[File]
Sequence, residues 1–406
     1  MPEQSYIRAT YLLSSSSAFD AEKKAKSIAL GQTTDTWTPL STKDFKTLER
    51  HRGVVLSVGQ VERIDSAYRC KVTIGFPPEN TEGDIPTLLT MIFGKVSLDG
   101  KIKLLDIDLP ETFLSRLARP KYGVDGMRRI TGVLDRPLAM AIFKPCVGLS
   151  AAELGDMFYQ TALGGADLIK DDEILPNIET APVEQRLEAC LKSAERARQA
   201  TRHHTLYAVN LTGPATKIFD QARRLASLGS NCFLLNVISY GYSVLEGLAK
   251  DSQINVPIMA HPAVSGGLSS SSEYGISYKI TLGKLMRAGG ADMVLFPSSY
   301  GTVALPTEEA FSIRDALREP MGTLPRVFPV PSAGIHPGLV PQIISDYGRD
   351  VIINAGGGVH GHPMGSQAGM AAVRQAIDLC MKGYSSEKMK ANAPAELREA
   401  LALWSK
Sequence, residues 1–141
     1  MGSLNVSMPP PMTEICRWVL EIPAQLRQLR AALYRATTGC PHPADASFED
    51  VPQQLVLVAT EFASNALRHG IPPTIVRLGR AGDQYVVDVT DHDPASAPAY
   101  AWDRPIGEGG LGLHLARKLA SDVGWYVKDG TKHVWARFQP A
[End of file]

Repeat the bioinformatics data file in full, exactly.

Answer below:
Sequence, residues 1–406
     1  MPEQSYIRAT YLLSSSSAFD AEKKAKSIAL GQTTDTWTPL STKDFKTLER
    51  HRGVVLSVGQ VERIDSAYRC KVTIGFPPEN TEGDIPTLLT MIFGKVSLDG
   101  KIKLLDIDLP ETFLSRLARP KYGVDGMRRI TGVLDRPLAM AIFKPCVGLS
   151  AAELGDMFYQ TALGGADLIK DDEILPNIET APVEQRLEAC LKSAERARQA
   201  TRHHTLYAVN LTGPATKIFD QARRLASLGS NCFLLNVISY GYSVLEGLAK
   251  DSQINVPIMA HPAVSGGLSS SSEYGISYKI TLGKLMRAGG ADMVLFPSSY
   301  GTVALPTEEA FSIRDALREP MGTLPRVFPV PSAGIHPGLV PQIISDYGRD
   351  VIINAGGGVH GHPMGSQAGM AAVRQAIDLC MKGYSSEKMK ANAPAELREA
   401  LALWSK
Sequence, residues 1–141
     1  MGSLNVSMPP PMTEICRWVL EIPAQLRQLR AALYRATTGC PHPADASFED
    51  VPQQLVLVAT EFASNALRHG IPPTIVRLGR AGDQYVVDVT DHDPASAPAY
   101  AWDRPIGEGG LGLHLARKLA SDVGWYVKDG TKHVWARFQP A